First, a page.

Afghanistan: Is it time for reconciliation?

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A two-day International Conference of Muslim Scholars on Peace and Stability in the Republic of Afghanistan, sponsored by Riyadh and the Organization of Islamic Cooperation (OIC), was held on July 10 this year. The conference came at a very complex and delicate time due to the current difficulties being experienced by Afghanistan. On a daily basis, Afghanistan is the scene of confrontations between security elements and the Afghan army on the one hand, and Taliban fighters on the other, in addition to the remnants of Al-Qaeda and Daesh (the self-proclaimed IS). Such confrontations have resulted in a large number of casualties among civilians. The conference, which was attended by more than 105 prominent Muslim scholars from Afghanistan, Saudi Arabia, Pakistan, Indonesia, Egypt, Sudan, Morocco and other countries, aimed to consolidate peace and stability in Afghanistan and condemned all forms of terrorism and violent extremism.

Since being elected president of the Republic of Afghanistan in September 2014, Dr. Ashraf Ghani has attached great importance to the issue of reconciliation with the Taliban. His government has also signed a peace agreement with the Islamic Party, the first peace agreement signed by the Afghan government with an armed opposition group since the overthrow of the Taliban regime in late 2001. The government hopes that such a move might motivate other armed groups fighting the Afghan government, including the Taliban, to stop violence, participate in the peace process and solve problems through dialogue and peaceful means.

What makes the matter more pressing is that some reports indicate that the Taliban has influence and control over some 70 percent of the country: full control over 14 areas which make up 4 percent of Afghan territory and influence and presence in more than 263 other areas which make up 66 percent of the country.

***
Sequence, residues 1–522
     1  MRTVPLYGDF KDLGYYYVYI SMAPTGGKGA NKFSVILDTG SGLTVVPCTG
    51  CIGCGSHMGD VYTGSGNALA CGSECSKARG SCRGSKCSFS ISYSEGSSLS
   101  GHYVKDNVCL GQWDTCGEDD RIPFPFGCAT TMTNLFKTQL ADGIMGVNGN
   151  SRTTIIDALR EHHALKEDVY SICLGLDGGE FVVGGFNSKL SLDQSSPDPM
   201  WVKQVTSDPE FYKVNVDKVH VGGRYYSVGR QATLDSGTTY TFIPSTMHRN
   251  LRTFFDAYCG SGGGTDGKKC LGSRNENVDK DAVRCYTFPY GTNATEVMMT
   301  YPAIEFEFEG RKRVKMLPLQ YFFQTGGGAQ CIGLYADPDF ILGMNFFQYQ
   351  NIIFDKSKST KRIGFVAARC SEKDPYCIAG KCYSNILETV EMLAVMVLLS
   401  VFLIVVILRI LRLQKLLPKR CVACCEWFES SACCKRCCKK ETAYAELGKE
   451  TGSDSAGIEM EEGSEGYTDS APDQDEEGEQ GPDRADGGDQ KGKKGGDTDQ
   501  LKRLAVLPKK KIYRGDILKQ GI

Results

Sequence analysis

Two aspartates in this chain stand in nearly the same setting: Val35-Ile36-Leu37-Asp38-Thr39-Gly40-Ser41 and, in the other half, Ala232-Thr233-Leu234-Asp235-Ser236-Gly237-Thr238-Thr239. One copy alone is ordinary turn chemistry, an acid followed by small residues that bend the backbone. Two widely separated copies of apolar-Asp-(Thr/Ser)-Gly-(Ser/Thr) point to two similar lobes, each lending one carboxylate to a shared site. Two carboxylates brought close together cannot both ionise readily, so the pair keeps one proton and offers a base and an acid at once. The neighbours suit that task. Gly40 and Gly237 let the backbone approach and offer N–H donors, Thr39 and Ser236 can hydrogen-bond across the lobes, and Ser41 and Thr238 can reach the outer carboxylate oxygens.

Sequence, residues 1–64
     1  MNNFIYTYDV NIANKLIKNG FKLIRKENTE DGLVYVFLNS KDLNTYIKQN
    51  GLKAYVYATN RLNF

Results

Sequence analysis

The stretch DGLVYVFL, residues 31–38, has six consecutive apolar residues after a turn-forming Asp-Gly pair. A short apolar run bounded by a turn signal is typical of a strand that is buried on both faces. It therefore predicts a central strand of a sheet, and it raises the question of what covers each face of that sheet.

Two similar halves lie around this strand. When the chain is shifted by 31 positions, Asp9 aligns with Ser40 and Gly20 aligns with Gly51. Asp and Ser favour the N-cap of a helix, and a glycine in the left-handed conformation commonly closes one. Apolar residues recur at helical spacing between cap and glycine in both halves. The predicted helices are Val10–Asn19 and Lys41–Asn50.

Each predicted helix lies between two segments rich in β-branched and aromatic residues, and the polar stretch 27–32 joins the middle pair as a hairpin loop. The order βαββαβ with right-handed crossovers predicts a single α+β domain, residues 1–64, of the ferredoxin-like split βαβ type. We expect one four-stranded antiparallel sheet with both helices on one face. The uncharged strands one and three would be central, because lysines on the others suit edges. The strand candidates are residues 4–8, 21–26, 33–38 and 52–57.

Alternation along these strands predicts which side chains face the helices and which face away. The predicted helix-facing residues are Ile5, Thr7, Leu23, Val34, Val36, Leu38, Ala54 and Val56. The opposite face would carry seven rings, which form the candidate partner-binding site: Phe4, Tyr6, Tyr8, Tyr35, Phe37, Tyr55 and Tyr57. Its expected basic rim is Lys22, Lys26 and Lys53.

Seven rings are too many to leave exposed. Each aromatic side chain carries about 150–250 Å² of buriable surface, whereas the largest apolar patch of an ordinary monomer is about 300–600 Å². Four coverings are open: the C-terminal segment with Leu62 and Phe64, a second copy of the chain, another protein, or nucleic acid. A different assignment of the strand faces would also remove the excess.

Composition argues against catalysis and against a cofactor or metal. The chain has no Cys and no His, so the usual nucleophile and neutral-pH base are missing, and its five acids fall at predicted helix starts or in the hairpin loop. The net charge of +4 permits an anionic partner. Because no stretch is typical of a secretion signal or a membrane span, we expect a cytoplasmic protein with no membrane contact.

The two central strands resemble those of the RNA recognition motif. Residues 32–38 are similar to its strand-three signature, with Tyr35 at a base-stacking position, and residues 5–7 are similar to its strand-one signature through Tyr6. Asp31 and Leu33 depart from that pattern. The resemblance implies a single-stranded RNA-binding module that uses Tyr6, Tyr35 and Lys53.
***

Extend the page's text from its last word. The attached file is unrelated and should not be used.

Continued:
Therefore, I believe that the only way to achieve peace in Afghanistan is through holding peace talks between the government of Kabul and the Taliban with a view to reaching a political settlement. I hope that future conferences discuss, in practical terms, some important questions regarding the possibility of finding a common ground for reconciliation with the Taliban if it decides to abandon terrorism and extremism and agrees to sit at the negotiating table.

It has to be asked what other courses the government may have if the Taliban does not accept reconciliation, and what role Saudi Arabia can play in the reconciliation process in light of the 85 years of historical relations between the two countries, dating back to the foundation of the Kingdom. Needless to say, Saudi Arabia, by virtue of its religious eminence and political and economic weight, is in an ideal position to create an environment conducive to peaceful reconciliation, and to make it a success.

Furthermore, in fighting extremism and terrorism. Afghanistan continues to witness dramatic escalation in terrorist operations, putting it at the top of the global terrorism index. According to the Global Terrorism Index (2012-2016) published by the Institute for Economics and Peace, a research center based in the United States and Australia, six countries topped the index, including Afghanistan. There is also fear that fighters and leaders of Daesh in Iraq and Syria may move to Afghanistan as the situation worsens, attracted by the insecurity, disorder and lack of control which exists in the country.

Furthermore, the Pakistan Taliban has already declared allegiance to Daesh and ordered its militants across the region to support it in its campaign to establish an Islamic “Caliphate”, and is fiercely fighting to enter the Afghan arena and to have influence there. Therefore, one of the objectives of the July conference was to refute the misinterpretation of religious texts by terrorist groups, delegitimize their actions, and instill a spirit of tolerance and moderation.

Finally, the international community and especially Afghanistan’s neighboring countries must stand up for this war-ravaged country and help it to achieve stability and security, rebuild the country and promote economic development. Nearly 36 percent of the population of Afghanistan still lives below the poverty line making less than $2 a day.

Dr. Ibrahim Al-Othaimin is a Middle East affairs specialist and security analyst based in Riyadh. He can be contacted at Ibrahim.othaimin@gmail.com. Follow him on Twitter @Alothaimin


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